Listening to music can enhance our lives in many ways. For children, music can be an especially helpful tool for learning, including those who are deaf or struggle with some degree of hearing loss.
Hearing Loss and Language Development in Children
One of the biggest impacts that pediatric hearing loss have is that it delays a child’s language and speech development. Children learn how to speak in part by hearing and processing the sounds and speech of others. This learning starts well before a child is able to speak themselves, so children who are born with hearing loss or develop it very in life are at an immediate disadvantage.
These delays can make everything from participating in school to socializing and making friends with other children that much harder. While treatment with hearing aids or cochlear implants is essential to helping mitigate the developmental effects of hearing loss, other tools, such as music lessons, may help as well.
How Music Helps Children With Hearing Difficulties
Music can better help children with hearing loss understand language and sound. A 2014 study wanted to examine the effects of music on learning by comparing two groups of profoundly deaf children. One group participated in weekly music lessons for several years, while the other group did not. The study found that deaf children who participated in music lessons exhibited better:
- Auditory perception
- Auditory cognition
- Phonetic discrimination
This research indicates that music lessons could be a useful tool in helping to improve the vocabulary and reading abilities of children with hearing loss.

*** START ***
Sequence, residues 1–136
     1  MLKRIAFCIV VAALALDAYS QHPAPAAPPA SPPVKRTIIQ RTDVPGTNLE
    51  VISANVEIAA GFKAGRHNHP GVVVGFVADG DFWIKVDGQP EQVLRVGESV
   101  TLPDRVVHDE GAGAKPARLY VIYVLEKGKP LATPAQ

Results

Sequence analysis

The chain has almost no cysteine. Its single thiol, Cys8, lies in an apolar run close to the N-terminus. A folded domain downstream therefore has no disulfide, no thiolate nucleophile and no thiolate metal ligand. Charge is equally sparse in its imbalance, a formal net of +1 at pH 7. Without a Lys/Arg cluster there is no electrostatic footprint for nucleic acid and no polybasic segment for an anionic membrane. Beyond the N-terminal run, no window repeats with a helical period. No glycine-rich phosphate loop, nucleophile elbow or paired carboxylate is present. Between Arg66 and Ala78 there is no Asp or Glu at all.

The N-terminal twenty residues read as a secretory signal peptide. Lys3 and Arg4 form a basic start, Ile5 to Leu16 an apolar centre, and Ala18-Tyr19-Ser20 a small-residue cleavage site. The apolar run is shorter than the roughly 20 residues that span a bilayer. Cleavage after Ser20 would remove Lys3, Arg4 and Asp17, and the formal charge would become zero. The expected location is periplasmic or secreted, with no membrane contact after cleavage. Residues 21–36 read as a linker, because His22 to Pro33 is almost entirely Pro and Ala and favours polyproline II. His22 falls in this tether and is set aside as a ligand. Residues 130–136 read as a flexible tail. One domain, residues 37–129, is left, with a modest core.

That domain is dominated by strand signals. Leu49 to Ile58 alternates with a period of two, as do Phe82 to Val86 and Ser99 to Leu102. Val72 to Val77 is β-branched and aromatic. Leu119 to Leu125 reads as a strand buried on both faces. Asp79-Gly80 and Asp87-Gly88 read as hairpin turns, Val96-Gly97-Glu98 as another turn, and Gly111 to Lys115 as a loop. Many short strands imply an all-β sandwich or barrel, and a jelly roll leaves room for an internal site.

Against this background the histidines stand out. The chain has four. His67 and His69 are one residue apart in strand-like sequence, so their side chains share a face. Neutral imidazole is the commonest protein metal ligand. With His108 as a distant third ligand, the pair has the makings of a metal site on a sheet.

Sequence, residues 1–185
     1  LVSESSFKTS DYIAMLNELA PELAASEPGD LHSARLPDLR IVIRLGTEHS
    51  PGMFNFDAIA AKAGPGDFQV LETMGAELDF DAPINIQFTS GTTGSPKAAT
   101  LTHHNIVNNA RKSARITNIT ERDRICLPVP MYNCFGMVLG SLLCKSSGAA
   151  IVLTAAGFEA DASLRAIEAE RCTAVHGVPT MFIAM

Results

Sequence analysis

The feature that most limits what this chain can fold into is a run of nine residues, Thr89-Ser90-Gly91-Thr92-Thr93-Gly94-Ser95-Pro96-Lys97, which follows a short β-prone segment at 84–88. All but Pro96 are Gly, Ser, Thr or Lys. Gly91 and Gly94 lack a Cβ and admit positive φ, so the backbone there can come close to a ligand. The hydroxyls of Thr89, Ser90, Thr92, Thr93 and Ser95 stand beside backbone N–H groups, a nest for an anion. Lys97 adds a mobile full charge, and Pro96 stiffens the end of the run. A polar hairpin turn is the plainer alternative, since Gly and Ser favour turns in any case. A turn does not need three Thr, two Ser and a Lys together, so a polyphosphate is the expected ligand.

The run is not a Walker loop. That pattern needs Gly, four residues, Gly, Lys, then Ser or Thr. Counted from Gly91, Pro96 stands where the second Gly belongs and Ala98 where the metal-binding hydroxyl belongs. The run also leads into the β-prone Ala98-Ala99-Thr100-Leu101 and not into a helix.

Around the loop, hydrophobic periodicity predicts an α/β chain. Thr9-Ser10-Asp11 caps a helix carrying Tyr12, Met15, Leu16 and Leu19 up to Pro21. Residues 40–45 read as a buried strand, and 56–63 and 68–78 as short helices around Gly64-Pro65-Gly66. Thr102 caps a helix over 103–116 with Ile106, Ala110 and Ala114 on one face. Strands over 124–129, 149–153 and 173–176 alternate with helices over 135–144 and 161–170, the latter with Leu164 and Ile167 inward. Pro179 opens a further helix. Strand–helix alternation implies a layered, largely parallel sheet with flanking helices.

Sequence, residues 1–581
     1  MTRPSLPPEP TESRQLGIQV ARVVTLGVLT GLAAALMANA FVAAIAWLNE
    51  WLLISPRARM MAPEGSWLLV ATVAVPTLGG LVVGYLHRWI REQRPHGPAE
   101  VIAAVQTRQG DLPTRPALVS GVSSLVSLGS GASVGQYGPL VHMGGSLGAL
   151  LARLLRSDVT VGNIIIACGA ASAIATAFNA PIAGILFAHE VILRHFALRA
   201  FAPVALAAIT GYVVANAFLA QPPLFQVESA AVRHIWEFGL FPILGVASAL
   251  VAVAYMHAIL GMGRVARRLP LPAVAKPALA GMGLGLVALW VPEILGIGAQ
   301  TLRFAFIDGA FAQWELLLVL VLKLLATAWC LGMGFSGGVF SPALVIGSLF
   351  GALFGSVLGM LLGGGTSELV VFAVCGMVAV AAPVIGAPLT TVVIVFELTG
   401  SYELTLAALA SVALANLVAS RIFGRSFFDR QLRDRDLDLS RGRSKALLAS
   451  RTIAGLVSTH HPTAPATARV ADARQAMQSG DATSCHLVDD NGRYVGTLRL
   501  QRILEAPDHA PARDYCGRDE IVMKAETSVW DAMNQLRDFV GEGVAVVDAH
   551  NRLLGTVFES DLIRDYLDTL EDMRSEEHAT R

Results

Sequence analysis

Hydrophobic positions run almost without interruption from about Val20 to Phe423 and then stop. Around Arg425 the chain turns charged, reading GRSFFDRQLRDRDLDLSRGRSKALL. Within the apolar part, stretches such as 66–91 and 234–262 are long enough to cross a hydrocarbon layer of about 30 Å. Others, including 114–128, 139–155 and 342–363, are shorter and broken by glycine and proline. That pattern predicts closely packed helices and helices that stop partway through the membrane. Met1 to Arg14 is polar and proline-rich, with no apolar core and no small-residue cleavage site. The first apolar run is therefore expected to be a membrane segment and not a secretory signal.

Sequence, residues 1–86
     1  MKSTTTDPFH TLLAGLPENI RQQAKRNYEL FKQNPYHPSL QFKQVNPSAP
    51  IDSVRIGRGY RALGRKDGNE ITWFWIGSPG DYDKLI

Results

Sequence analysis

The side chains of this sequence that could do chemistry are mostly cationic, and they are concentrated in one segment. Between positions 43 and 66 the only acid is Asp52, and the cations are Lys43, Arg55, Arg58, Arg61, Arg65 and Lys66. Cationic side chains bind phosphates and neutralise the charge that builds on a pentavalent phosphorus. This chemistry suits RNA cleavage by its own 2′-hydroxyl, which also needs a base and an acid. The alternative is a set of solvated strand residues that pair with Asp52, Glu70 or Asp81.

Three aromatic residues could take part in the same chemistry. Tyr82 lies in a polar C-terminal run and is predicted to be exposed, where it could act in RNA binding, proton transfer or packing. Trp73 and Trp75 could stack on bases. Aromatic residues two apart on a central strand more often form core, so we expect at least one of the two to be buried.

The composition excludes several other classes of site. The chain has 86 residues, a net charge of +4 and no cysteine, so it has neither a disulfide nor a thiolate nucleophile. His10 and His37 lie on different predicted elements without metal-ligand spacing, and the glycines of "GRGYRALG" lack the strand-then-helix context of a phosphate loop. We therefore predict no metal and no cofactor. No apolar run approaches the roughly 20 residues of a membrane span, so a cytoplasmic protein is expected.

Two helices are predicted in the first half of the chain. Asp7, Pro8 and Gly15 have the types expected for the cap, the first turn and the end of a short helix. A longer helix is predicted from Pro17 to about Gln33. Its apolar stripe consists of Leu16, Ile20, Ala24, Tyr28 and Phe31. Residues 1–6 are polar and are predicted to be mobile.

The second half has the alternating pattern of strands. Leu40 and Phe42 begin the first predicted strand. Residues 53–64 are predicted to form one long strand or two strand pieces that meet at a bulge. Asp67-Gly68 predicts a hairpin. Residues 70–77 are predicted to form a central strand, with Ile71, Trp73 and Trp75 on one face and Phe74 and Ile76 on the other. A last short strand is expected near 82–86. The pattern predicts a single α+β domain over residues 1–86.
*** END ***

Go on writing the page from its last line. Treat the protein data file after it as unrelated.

Music Activities You Can Do at Home To Help Your Child Learn
While you may want to seek the help of a speech therapist or music therapist to help your child meet their speech and language goals, there are many things you can do around the house to help facilitate learning as well. These include:
- Making music part of the routine: Whether it’s getting ready for school in the morning or cleaning up after dinner, having a particular song that you sing or listen to during these times can make an activity more fun, and your child starts to connect lyrics with actions.
- Make a playlist. Having a regular list of songs that you can stream throughout the day that align with your child’s interests and language goals can be very beneficial.
- Practice with pots and pans. Many objects around the house can make for great musical instruments. Let your child use pots and pans to experiment with rhythm.
- Sign them up for music lessons. When they are ready, you can sign them up for music lessons at school or somewhere like Lexington Music Education.
For more information or to schedule an appointment with one of our pediatric experts, contact The Hearing & Speech Center today.